is there any principle when writing python function

Stephen Hansen me+list/python at
Sat Aug 27 19:27:16 EDT 2011

On 8/27/11 3:21 PM, Emile van Sebille wrote:
> On 8/27/2011 2:57 PM Ben Finney said...
>> Emile van Sebille<emile at>  writes:
>>> Code is first and foremost written to be executed.
>>      “Programs must be written for people to read, and only
>> incidentally for
>>      machines to execute.”
>>      —Abelson&  Sussman, _Structure and Interpretation of Computer
>> Programs_
> That's certainly self-fulfilling -- code that doesn't execute will need
> to be read to be understood, and to be fixed so that it does run. Nobody
> cares about code not intended to be executed.  Pretty it up as much as
> you have free time to do so to enlighten your intended audience.

Er, you're interpreting the quote... way overboard. No one's talking
about code that isn't intended to be executed, I don't think; the quote
includes, "and only incidentally for machines to execute." That's still
the there, and its still important. It should just not be the prime
concern while actually writing the code.

The code has to actually do something. If not, obviously you'll have to
change it.

The Pythonic emphasis on doing readable, pretty code isn't JUST about
making code that just looks good; its not merely an aesthetic that the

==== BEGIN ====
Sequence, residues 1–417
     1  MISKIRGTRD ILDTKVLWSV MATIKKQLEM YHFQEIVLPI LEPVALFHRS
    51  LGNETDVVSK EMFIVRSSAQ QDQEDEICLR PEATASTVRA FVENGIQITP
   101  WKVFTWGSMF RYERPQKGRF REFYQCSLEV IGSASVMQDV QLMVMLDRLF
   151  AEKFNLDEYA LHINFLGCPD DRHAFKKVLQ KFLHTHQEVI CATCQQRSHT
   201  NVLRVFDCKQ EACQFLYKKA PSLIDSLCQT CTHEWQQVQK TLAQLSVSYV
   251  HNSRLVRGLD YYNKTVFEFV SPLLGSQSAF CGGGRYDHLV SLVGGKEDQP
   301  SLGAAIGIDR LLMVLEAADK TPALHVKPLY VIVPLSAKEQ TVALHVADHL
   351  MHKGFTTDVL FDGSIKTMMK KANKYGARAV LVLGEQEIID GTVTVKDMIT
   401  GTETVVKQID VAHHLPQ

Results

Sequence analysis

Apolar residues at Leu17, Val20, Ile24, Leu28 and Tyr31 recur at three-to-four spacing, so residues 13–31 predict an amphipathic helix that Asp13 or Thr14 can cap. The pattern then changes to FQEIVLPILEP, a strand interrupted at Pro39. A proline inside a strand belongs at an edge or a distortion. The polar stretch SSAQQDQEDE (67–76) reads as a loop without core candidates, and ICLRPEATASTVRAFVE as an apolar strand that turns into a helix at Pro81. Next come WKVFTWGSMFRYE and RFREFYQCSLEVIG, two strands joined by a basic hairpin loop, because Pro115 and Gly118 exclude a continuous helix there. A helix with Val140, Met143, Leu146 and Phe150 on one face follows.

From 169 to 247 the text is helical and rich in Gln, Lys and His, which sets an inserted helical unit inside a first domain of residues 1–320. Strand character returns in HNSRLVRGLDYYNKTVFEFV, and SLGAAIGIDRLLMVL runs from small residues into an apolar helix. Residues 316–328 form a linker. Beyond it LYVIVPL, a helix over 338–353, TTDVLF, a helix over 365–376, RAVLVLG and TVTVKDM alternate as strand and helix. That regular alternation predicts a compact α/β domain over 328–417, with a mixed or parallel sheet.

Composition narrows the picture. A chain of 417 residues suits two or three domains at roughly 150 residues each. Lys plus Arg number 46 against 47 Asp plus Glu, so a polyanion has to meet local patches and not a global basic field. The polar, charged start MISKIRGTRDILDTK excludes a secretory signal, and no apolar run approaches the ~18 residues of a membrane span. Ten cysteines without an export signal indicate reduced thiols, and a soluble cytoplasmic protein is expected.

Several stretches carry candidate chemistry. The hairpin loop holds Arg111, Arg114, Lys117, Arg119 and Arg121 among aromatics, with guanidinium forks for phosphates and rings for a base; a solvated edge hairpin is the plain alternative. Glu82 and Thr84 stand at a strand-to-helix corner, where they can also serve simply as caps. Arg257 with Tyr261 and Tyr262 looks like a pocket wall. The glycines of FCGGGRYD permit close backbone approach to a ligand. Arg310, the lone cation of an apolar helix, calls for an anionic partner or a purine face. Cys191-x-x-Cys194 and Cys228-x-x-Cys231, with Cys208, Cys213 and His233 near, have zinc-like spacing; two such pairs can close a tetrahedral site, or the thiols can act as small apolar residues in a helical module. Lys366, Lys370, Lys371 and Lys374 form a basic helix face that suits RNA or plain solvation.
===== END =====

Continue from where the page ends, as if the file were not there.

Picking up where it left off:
community endorses.

And although people often tout the very valid reason why readability
counts-- that code is often read more then written, and that coming back
to a chunk of code 6 months later and being able to understand fully
what its doing is very important... that's not the only reason
readability counts.

Readable, pretty, elegantly crafted code is also far more likely to be
*correct* code.

However, this:

> Code that runs from the offset may not ever again need to be read, so
> the only audience will ever be the processor.
> I find it much to easy to waste enormous amounts of time prettying up
> code that works.  Pretty it up when it doesn't -- that's the code that
> needs the attention.

... seems to me to be a rather significant self-fulfilling prophecy in
its own right. The chances that the code does what its supposed to do,
accurately, and without any bugs, goes down in my experience quite
significantly the farther away from "pretty" it is.

If you code some crazy, overly clever, poorly organized, messy chunk of
something that /works/ -- that's fine and dandy. But unless you have
some /seriously/ comprehensive test coverage then the chances that you
can eyeball it and be sure it doesn't have some subtle bugs that will
call you back to fix it later, is pretty low. In my experience.

Its not that pretty code is bug-free, but code which is easily read and
understood is vastly more likely to be functioning correctly and reliably.

Also... it just does not take that much time to make "pretty code". It
really doesn't.

The entire idea that its hard, time-consuming, effort-draining or
difficult to make code clean and "pretty" from the get-go is just wrong.

You don't need to do a major "prettying up" stage after the fact. Sure,
sometimes refactoring would greatly help a body of code as it evolves,
but you can do that as it becomes beneficial for maintenance reasons and
not just for pretty's sake.


   Stephen Hansen
   ... Also: Ixokai
   ... Mail: me+list/python (AT) ixokai (DOT) io
   ... Blog:

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